The Atmel SAM D09 (an ARM Cortex M0+ MCU) can enable normal pin functions on the pins that are normally used for programming (SWD). But in doing so I presume that debugging will become impossible after programming the device.

Is this correct, or may it be possible to share certain functions (like I2C/UART/SPI/digital input) without disturbing debugging?

Second, the D09 datasheet has this curious phrase: "Only the SWCLK pin is mapped to the normal PORT functions. A debugger cold-plugging or hot-plugging detection will automatically switch the SWDIO port to the SWDIO function".

So it seems I can at use at least one pin in a shared mode with SWD. But this phrase is rather ambiguous: which pin would that be, and what functions can be shared on the shareable pin?

What I am asking is specific for the ARM SWD protocol, and the case in point is cheap Atmel SAM D09/D10/D11 chips.


1 Answer 1


That will depend on the programmer you are using. I am actually working with the SAMD20 using the AVRISP mkll programmer from Atmel and you dont have to care about sharing those pins. The main function of the pin will keep working even if you have the programmer connected there. In fact, that is what ISP means (In system programming) If you are using the Xplain Pro Evaluation Kit, you can program the device using the USB wire and all programming pins will keep working in their main function.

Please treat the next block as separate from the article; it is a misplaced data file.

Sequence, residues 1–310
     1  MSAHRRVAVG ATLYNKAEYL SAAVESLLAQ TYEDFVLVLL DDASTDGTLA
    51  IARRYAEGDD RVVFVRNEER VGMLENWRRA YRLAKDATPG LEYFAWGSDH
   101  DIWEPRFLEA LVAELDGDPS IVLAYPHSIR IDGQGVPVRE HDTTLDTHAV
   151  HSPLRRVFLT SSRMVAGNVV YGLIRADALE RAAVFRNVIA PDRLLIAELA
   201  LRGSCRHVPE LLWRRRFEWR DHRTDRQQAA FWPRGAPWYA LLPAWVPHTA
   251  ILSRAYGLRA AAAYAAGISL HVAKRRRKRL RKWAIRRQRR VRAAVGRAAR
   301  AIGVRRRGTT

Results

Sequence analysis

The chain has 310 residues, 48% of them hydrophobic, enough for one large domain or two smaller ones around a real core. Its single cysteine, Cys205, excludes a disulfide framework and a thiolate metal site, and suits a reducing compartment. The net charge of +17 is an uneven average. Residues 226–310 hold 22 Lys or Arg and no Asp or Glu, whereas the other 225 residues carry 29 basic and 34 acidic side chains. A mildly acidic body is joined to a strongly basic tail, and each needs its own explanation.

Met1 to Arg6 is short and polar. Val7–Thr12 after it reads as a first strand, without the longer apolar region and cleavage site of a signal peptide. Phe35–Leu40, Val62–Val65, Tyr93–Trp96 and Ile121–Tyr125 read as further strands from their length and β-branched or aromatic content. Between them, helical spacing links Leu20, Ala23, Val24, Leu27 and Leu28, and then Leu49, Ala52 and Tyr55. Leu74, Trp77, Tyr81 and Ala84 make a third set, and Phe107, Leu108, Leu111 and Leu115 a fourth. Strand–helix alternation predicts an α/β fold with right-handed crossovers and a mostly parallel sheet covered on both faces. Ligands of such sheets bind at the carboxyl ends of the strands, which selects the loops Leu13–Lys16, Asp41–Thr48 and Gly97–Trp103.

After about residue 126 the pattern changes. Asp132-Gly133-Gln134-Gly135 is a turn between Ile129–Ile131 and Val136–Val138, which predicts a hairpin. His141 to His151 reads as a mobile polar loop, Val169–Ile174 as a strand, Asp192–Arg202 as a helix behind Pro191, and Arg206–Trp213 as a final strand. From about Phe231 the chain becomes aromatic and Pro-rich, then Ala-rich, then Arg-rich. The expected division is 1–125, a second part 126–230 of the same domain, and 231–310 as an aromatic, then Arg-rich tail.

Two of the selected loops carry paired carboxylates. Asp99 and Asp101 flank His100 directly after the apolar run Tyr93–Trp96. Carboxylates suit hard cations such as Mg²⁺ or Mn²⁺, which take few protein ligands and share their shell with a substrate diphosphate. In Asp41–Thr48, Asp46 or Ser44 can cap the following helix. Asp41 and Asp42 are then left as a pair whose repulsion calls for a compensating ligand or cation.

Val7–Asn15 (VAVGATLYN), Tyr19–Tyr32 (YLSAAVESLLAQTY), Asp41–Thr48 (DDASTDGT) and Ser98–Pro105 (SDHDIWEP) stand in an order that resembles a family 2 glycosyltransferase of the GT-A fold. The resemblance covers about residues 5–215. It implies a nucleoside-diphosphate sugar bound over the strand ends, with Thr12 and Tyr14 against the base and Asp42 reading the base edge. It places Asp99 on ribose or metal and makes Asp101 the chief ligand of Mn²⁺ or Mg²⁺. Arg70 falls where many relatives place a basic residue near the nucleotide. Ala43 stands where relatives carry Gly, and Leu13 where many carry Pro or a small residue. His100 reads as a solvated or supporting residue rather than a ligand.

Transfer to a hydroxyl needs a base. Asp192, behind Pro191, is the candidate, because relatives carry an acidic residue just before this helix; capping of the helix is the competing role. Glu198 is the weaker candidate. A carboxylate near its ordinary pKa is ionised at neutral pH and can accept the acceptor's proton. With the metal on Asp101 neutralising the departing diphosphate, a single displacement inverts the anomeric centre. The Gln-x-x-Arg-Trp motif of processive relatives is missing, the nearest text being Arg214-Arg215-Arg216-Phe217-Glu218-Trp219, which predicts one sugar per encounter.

• \$\begingroup\$ So the programmed pin-function would be suspended (not working) while debugging, but at least debugging would work? Note that my focus isn't on programming the device, but on debugging it. \$\endgroup\$
    – user103185
    Commented Nov 9, 2015 at 11:57
  • \$\begingroup\$ To be honest, I never tried the debugging, but I am pretty sure that the main function on those pins will keep working during the debug. Try and let us know! \$\endgroup\$
    – cventu
    Commented Nov 9, 2015 at 13:07
  • 1
    \$\begingroup\$ I found more info in the datasheet. It seems SWCLK is needed to detect the debugger (the debugger pulls it low), the chip then switches SWDIO over to the debug function. When code assigns the SWCLK pin a function (whatever that may be), debugging is no longer possible, but programming is (after a reset). Summarizing: SWDIO can be used freely and using SWCLK will disable debugging. \$\endgroup\$
    – user103185
    Commented Dec 7, 2015 at 13:10

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